Destiny 2 Is Worlds Beyond Its Predecessor

We Sit Down With William Paterson's Own Jake Walters To Discuss Destiny 2

courtesy+of%3A+techradar.com

courtesy of: techradar.com

John Fiorino, Entertainment Editor

Game developer Bungie Incorporated set the bar high with their 2014 first person shooter, Destiny. Four packages of downloadable content (DLC) and three years later, fans finally get a chance to see what Bungie has prepared for them in this highly anticipated sequel. Shortly after the last DLC, “Rise of Iron,” is where the original Destiny players can expect Destiny 2 to start.

The player, known as the Guardian in the story, starts out coming back to Earth from a mission to find an attack occurring on the Last City with major damage done to the Tower. The antagonist, Dominus Ghaul, commander of the Red Legion which is part of the Cabal, is met and it is here where the Guardian responds to the call to action. The Guardian must attempt to save the Tower and the people of the Last City while assisting the Vanguard, a collection of other elite warriors. Jake Walters, junior at William Paterson, is a returning player and expressed his main interest in the story line.

“It blew me away with how much could have been improved on from the first destiny, and through all the DLC,” Walters said. “It’s graphically so much better, especially now on the newer generation consoles and story wise had exponentially more content.”

Perhaps what’s so appealing about the story is that the experience is fully catered to the gamer’s play-style. There are three different play-styles a Guardian can be. The Warlock, Hunter and Titan character builds offer different strategies for each. For example, Titan is the style of play where you pack more power while the Hunter offers a stealthier style where you can wait for the perfect moment to strike.

“I like the hunter personally because it’s not just guns blazing and you can sneak around like no other class,” Walters said.

Another aspect from the story is that the worlds are stunning. During the countless hours of play, the gamer will encounter multiple worlds. With those different worlds come different environments with vibrant, eye-popping, rich colors.

“There’s more color in this installment than ever before, it actually feels like you’re in a lush forest, or an oil rig with all of it’s company’s old branding,” Walters said. “You feel like you’re there.”

For a game that is so beautiful visually, it has to have an audible appeal too. Walters said that “the gun sounds are much better than the first.” Now, if a player has a silenced weapon, you hear the difference. In addition to the updated gun sounds is the euphonious soundtrack. A highly acclaimed soundtrack however, is nothing new to Bungie’s reputation.

“The soundtracks are fantastic from Bungie games, so much so where the songs are recognizable outside the game,” Walters said. “If you go all the way back to the first couple Halo games that Bungie also made, people would go around saying ‘did you hear this song? It’s from the Halo series.'”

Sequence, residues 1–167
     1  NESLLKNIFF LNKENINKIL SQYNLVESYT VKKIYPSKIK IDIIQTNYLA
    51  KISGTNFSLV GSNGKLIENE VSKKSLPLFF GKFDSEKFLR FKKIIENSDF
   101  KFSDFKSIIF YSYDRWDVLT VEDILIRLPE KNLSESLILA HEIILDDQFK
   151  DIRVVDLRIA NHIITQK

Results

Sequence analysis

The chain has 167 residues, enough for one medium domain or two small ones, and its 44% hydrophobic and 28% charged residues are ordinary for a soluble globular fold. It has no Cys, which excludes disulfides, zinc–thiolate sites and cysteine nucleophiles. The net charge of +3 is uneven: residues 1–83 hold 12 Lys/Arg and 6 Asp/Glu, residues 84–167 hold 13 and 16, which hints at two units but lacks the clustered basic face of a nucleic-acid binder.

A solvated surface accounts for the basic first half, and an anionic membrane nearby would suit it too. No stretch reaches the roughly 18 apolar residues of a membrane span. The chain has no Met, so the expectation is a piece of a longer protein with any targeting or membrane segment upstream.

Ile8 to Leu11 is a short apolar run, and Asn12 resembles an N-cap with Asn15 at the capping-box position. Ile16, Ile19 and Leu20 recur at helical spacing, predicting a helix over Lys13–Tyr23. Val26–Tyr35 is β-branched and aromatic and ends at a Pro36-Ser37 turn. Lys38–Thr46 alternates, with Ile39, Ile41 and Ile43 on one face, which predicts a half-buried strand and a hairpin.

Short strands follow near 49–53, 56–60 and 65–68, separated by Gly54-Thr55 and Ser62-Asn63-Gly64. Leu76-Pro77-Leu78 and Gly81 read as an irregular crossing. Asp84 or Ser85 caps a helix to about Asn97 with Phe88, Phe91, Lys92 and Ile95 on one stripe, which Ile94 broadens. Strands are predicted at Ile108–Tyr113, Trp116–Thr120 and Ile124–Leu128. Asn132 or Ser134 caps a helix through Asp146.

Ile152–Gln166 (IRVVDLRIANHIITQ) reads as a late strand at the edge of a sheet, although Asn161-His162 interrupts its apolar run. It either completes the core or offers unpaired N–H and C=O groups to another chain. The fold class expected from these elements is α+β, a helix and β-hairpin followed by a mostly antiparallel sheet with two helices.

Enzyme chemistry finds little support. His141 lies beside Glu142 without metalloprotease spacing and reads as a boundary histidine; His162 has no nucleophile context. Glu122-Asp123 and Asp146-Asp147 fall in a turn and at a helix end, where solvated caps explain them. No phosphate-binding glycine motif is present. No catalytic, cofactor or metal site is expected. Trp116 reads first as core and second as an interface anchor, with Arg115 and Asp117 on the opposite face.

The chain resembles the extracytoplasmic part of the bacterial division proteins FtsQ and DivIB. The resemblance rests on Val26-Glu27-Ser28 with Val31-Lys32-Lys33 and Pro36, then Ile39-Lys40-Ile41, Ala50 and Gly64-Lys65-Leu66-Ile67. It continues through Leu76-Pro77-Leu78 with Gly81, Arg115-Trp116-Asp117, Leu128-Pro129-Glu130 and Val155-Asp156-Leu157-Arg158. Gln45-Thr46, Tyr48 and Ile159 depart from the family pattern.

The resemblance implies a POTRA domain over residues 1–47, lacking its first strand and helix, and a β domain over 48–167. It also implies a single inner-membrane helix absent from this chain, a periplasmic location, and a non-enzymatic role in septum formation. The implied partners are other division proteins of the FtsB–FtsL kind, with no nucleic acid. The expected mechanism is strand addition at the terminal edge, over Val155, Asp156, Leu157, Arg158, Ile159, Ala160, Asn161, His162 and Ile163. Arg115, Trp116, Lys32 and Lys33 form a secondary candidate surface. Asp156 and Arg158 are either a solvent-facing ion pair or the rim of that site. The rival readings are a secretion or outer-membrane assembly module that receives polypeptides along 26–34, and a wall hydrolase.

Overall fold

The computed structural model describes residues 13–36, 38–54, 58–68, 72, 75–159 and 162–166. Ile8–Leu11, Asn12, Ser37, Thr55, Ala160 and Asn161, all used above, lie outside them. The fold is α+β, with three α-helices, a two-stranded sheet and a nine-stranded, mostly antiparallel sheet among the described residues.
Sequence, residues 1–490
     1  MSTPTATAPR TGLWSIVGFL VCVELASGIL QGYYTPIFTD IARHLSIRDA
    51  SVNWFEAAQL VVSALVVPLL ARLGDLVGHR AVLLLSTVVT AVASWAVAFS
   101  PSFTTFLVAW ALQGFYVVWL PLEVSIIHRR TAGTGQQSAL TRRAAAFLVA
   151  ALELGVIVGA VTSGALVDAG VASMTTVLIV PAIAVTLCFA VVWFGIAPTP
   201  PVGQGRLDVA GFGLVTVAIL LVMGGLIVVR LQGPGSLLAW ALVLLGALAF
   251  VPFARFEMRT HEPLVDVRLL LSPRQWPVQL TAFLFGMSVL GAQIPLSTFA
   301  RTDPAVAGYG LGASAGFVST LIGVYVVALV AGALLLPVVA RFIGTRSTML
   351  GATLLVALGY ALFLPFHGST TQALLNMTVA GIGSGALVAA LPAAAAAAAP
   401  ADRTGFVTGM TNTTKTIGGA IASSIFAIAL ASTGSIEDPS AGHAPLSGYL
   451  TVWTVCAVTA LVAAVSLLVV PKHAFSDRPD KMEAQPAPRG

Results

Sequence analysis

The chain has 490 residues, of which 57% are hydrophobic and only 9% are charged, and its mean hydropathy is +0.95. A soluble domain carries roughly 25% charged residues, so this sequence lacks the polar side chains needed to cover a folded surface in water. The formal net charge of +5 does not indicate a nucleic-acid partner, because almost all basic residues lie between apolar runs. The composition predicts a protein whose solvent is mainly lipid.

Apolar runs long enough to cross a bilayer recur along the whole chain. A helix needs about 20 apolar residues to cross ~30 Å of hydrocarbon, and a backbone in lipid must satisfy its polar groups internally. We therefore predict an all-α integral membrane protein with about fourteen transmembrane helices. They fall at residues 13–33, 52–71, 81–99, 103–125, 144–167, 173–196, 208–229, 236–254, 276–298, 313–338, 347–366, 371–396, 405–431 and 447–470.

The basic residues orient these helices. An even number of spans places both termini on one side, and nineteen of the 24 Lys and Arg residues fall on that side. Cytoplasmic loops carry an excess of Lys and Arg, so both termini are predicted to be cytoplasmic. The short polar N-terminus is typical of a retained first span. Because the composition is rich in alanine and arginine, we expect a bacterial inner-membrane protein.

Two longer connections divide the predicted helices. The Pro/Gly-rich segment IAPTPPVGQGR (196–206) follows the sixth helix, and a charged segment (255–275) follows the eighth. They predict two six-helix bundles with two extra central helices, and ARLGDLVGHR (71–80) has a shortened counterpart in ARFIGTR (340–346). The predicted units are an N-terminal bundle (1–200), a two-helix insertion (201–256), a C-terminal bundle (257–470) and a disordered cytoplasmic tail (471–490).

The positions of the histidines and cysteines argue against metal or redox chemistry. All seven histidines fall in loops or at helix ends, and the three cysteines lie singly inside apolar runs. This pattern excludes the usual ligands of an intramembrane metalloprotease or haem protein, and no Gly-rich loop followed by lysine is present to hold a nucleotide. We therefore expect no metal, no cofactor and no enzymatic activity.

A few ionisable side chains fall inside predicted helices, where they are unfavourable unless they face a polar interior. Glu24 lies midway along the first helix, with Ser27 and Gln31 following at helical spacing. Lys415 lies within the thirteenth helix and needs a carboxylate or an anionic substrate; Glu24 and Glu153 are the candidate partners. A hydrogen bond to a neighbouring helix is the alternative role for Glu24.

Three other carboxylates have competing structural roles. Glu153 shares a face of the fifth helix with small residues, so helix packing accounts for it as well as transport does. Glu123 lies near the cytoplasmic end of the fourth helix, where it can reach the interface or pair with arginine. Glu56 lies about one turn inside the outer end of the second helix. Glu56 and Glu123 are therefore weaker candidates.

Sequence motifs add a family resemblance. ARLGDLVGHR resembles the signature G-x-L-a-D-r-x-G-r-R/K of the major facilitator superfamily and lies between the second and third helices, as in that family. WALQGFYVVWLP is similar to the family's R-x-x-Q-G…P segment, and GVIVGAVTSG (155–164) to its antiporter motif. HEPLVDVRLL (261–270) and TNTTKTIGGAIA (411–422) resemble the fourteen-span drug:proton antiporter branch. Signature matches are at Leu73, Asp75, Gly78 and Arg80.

While this game isn’t 100% perfect, it’s as close as many games will get. IGN rated the game an 8.5 on their scale. At the end of the day, Walters says that Bungie executed based on the community feedback. One of the issues with the first installment were item drops. The item drops were met with criticism because they were highly inaccurate and sometimes useless to where your Guardian is at that point in the game.

“For example, if you need a weapon that does 200 points of damage, you might get one for 100 in an item drop, rendering it pretty useless for the enemies you’ll be facing,” Walters said. “Now the item drop will actually give you something that is more catered to your level.”

Meanwhile one of the problems that has carried over from the predecessor is that Raid mode is wildly complicated. Walters explained that in order to do a raid the player must set up a time with six friends, not random players in a lobby, then go through instructions in an app that everyone has to have on their personal smartphone. “It would be a lot better if they made into a lobby with just random players in the Destiny community.”

The online community hasn’t changed much from the last. One noticeable difference is that the limited-time events are no longer random and they are scheduled now where every five minutes there is a community event. Walters describes the 6-vs-6 lobby as the “common lobby” where you’ll see most of the community. The more competitive players tend to be found in the tighter lobbies of 3-vs-3 or 4-vs-4.

“For online play, clash, which is like team deathmatch from Call of Duty, is my favorite,” Walters said.

Finally, one could assume that the game has generally positive reviews when one searches the web. For a game with such an expansive story with immersive storytelling, a beautiful soundtrack and artwork that can transport you, it’s no secret the game is a major hit among returning and new, casual fans. In addition, the multiplayer is as lively as ever and if the success continues to grow when DLC comes out, it may even set up a third installment down the road. Destiny 2 is far and away above it’s predecessor and is a must-play.

“What makes this one so good is that Destiny 2 is exactly what Destiny wanted to be initially but didn’t do correctly,”Walters said. “The content in the story, graphics, as well as the mechanics were major improvements making it sort of like a balanced mix of Call of Duty and Halo.”